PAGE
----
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Origins of Ensworth Traditions: Mr. Kautzman

Polly Bibb Douse
Inside the classroom, Mr. Kautzman challenged his students to maintain the standard of Ensworth excellence. He required respect, honor, and integrity. Over the years, his students stood when he entered the classroom and shut the door to begin class, and they waited to sit until they were told they could. He made such an impact on his students that they had bumper stickers and t-shirts made that said, “I survived Kautzman.”
When asked about his experience at Ensworth, Mr. Kautzman notes, “[Being at Ensworth] was the greatest experience of my life other than my children and my wife… It’s just incredible. I used to always say that I never had to go to work a day in my life. Instead, I got to come and play with students and math and get paid for it, and that beats working any day. It’s all about the students. The students were what made the experience.”

An ongoing tradition that Mr. Kautzman helped usher into existence was the James N. Brown Award. This award is given to select Grade 8 students during Closing Exercises in May.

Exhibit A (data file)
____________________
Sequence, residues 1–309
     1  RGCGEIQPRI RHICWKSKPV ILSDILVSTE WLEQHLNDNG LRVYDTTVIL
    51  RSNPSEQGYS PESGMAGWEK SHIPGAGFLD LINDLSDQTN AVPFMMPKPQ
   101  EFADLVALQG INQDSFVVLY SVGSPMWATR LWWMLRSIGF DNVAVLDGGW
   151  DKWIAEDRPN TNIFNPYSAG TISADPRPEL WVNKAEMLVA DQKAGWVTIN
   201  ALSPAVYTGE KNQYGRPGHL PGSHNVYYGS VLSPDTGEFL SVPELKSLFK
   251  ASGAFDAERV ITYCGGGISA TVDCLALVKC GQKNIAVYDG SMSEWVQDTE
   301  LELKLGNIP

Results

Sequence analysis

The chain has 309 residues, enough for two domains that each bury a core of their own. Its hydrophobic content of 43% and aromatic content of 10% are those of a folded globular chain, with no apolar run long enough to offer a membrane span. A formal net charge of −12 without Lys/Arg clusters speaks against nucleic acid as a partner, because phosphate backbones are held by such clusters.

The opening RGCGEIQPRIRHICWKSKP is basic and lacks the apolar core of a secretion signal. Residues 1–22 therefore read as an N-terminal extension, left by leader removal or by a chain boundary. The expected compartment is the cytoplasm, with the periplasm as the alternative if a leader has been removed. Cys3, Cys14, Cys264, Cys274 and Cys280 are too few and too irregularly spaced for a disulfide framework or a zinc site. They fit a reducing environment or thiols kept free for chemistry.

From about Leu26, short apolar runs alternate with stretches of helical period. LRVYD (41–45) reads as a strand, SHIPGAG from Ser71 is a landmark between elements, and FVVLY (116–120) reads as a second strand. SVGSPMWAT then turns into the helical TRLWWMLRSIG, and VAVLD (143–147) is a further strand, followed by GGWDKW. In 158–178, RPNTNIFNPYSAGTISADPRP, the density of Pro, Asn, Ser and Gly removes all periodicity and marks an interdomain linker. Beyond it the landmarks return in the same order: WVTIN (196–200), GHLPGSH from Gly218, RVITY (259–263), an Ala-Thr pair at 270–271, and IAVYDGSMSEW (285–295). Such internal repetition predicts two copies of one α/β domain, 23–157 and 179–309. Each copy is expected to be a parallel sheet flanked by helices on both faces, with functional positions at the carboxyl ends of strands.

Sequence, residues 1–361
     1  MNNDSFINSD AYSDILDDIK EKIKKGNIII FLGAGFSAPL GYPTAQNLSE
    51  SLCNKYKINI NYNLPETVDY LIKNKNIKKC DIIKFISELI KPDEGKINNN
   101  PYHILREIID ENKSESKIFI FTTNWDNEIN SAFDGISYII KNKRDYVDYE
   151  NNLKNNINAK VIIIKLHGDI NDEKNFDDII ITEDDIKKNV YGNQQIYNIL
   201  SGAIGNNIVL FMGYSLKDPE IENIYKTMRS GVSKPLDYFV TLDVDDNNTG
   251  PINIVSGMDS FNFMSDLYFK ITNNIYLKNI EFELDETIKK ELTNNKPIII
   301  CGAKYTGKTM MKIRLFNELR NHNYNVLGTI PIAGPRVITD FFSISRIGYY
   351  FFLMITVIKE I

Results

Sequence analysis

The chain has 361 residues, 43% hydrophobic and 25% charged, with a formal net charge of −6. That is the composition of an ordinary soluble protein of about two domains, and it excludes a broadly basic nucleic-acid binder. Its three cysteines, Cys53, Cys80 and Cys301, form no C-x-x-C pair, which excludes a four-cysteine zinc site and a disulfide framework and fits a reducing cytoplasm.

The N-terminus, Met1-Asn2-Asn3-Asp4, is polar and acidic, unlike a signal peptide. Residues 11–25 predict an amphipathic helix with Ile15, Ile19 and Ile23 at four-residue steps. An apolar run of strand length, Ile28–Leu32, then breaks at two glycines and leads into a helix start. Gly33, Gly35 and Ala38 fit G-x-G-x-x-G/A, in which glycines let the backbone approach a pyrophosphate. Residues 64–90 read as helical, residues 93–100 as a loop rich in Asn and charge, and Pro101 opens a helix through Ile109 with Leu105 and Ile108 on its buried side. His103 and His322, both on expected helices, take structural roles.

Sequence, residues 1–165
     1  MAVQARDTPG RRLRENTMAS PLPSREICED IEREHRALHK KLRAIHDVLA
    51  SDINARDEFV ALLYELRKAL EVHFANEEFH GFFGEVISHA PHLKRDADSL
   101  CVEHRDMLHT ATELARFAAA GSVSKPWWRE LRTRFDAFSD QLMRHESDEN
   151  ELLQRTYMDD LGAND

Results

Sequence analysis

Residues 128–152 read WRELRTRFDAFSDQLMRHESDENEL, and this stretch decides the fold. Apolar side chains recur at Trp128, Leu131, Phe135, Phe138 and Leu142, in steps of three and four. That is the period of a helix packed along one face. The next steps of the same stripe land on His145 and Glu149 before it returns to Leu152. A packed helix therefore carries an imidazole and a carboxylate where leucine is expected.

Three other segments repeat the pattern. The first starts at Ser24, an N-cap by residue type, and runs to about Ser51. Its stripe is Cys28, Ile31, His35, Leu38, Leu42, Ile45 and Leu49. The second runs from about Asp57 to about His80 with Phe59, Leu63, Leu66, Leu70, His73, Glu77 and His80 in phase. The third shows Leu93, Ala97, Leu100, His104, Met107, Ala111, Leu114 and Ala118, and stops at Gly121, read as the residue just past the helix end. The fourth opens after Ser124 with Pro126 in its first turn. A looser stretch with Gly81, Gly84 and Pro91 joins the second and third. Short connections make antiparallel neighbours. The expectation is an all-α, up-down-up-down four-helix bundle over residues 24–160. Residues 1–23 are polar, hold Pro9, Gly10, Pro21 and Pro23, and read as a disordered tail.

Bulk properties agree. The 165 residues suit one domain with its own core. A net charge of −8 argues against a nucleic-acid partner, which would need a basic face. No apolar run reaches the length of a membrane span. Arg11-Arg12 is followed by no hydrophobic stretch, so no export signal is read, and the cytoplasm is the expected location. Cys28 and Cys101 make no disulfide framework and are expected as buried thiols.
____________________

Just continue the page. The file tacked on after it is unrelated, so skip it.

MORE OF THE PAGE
“Jim Brown, former assistant headmaster, was one of the finest educators that I was ever associated with. Unfortunately, he passed away at a very young age from cancer. Jim was the kind of guy who required certain things, but it wasn’t academic excellence. That was tied into it, but you did not have to be a straight-A student to be one of Jim’s guys. He expected you to behave yourself and give maximum effort. You had to be a good guy to be one of Jim’s guys. Many students feared going to him for disciplinary reasons, not because they were afraid of him, but because they had let him down. He was a powerful, powerful educator. He had a tremendous effect on me, even though I only got to work with him for a few years before he passed away. I was one of the ones that instituted the idea of the James N. Brown Award to honor those students who gave their best. They might not be the best student or the best athlete but they tried hard and were good people,” remarked Mr. Kautzman.

Whether it is working on self-portraits, raising funds with the first grade pet show, or sporting bumper stickers of honor around town, it all comes back to the same thing: Ensworth was established by hard-working, wonderful people devoted to the children they instructed. It is a community that strives to take care of each other and those less fortunate. Ensworth traditions are built on serving others, respecting others, and striving for excellence.

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